Bipartisan Policy Center launches initiative on protecting electric grid

Source: Annie Snider, E&E reporter • Posted: Monday, May 20, 2013

Three former top energy and security officials are taking a stab at the cybersecurity challenges facing the electric power sector.

The Bipartisan Policy Center this morning announced the launch of an Electric Grid Cyber Security Initiative that will develop recommendations about how the government and private companies can protect the grid from cyberattacks. The initiative will be co-chaired by retired Gen. Michael Hayden, former director of the Central Intelligence Agency and National Security Agency; Curt Hebert, a former chairman of the Federal Energy Regulatory Commission and former executive vice president of Entergy Corp.; and Susan Tierney, former assistant secretary for policy at the Department of Energy and a former Massachusetts public utility commissioner.

The energy and electric power sectors have emerged as prime targets for hackers, U.S. security officials are warning. Earlier this week the top U.S. general in charge of cybersecurity warned that the country is increasingly vulnerable and that an attack like the one that wiped the hard drives of about 30,000 computers at Saudi Arabia’s national oil company last year could occur “in the not-too-distant future” (Greenwire, Sept. 10, 2012).

But much of the country’s critical infrastructure is operated by private companies, and lawmakers have struggled to agree on an approach for boosting protections. A Senate bill last year failed amid fierce partisan battles over whether the federal government should set security standards. In its wake, the Obama administration released an executive order aimed at boosting information sharing about cyberthreats, but all sides agree that the order alone does not solve the problem.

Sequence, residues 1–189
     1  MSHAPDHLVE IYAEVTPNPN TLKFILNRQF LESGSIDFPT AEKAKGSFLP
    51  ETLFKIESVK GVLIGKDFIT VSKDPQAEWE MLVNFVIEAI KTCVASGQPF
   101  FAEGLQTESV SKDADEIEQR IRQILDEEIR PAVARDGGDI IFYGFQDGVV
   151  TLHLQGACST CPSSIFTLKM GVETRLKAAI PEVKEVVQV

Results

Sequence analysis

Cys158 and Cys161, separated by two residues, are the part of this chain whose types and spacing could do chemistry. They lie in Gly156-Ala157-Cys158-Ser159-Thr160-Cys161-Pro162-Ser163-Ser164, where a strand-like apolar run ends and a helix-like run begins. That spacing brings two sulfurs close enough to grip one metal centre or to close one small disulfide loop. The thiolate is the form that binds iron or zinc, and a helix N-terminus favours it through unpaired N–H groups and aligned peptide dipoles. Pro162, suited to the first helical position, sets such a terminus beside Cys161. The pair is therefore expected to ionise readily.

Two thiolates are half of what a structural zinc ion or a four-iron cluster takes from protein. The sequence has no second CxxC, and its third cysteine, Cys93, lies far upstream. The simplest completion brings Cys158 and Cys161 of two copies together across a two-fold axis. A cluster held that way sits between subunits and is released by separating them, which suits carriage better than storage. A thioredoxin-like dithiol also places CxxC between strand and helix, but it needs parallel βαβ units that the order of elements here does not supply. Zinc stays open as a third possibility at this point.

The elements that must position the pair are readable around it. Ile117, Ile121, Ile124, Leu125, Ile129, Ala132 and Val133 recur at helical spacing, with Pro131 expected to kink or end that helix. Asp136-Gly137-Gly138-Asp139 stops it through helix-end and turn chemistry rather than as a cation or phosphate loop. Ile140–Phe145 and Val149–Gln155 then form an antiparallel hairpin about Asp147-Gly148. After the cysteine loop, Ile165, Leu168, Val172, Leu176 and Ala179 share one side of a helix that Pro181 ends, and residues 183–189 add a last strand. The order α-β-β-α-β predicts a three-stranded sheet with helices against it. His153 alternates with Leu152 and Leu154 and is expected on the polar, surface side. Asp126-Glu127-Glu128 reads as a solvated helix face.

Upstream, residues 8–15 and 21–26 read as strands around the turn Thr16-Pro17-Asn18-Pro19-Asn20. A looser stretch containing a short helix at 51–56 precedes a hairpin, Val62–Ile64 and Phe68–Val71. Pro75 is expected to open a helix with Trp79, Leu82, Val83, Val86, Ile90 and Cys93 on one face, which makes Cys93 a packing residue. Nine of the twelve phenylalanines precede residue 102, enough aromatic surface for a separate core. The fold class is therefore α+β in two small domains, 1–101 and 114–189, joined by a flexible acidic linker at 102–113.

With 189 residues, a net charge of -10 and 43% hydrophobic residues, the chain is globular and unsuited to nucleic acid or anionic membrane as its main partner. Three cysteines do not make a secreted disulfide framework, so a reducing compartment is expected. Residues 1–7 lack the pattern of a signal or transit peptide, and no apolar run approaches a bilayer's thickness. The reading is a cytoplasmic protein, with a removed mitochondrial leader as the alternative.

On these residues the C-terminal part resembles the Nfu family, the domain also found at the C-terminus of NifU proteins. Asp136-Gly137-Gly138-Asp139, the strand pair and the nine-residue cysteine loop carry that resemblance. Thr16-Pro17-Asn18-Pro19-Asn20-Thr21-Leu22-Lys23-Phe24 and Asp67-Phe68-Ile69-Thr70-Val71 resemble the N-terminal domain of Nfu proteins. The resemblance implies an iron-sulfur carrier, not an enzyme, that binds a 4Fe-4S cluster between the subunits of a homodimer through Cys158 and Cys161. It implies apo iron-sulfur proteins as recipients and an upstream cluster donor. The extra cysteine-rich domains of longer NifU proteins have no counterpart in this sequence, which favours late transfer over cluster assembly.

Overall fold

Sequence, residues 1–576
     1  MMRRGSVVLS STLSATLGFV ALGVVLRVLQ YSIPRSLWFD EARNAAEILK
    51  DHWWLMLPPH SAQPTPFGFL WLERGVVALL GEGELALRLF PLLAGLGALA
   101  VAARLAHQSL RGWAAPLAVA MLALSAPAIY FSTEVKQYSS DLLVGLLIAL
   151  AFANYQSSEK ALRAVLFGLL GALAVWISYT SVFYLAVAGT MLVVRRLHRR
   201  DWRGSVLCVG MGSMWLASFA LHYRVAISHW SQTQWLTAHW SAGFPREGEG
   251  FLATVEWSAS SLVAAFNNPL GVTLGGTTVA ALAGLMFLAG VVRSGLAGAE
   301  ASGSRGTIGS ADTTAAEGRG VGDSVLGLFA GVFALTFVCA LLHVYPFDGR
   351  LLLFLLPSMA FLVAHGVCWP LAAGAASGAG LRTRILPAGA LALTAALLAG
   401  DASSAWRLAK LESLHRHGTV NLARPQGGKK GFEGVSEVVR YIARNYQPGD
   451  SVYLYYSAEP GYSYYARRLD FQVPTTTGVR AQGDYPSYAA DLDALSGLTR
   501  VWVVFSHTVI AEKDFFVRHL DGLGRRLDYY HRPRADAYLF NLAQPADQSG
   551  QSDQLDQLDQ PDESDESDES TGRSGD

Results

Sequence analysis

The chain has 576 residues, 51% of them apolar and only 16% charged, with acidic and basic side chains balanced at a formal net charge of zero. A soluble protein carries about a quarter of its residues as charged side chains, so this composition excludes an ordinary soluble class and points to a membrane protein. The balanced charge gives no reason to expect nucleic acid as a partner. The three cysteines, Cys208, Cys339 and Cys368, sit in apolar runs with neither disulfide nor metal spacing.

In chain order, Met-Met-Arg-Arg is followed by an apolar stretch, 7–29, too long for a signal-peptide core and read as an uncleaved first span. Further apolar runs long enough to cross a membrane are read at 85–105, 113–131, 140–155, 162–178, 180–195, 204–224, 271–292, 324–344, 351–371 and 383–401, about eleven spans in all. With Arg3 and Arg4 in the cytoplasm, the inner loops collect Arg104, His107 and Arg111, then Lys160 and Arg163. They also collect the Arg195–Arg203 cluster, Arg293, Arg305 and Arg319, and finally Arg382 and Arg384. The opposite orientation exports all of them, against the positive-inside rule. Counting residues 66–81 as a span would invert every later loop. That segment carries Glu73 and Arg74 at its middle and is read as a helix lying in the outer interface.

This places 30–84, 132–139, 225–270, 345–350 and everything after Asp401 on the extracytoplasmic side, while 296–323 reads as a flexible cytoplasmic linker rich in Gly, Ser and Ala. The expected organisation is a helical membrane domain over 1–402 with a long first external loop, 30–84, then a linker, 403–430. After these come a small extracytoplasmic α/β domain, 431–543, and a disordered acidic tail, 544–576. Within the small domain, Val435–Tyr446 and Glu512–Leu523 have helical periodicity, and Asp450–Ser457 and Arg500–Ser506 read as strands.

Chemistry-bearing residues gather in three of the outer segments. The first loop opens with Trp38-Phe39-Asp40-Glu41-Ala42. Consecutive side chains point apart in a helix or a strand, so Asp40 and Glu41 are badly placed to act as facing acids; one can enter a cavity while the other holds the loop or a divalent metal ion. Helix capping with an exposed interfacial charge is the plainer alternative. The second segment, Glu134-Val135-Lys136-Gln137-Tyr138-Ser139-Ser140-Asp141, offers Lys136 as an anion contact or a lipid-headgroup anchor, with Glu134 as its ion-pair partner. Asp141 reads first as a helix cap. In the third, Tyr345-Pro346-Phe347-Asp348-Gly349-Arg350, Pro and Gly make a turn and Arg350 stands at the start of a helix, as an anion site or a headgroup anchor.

The House last month passed the “Cyber Intelligence Sharing and Protection Act” (H.R. 624), which drew loud objections from privacy advocates and a veto threat from the Obama administration (E&ENews PM, April 18).

The BPC effort aims to bridge some of these divides. According to a news release, the initiative will look at how responsibilities for prevention and response should be allocated, how information sharing about cyberthreats should be handled, and how to protect the privacy of consumer data. The co-chairs will draw on an advisory group of industry experts, former government officials and cybersecurity specialists, the release said.

“The electric power sector has already made important progress in addressing cybersecurity. Given how important electric system reliability is to the nation’s economy, along with its interdependence with other sectors, such as telecommunications and natural gas pipelines, the electric system makes it an interesting case study for cyber security governance,” Tierney said in a statement. “There are important regulatory and other policy questions related to who invests in and pays for electric grid cybersecurity protections.”

The initiative will hold a public workshop over the summer and will release a white paper with recommendations for policymakers in the fall, BPC said.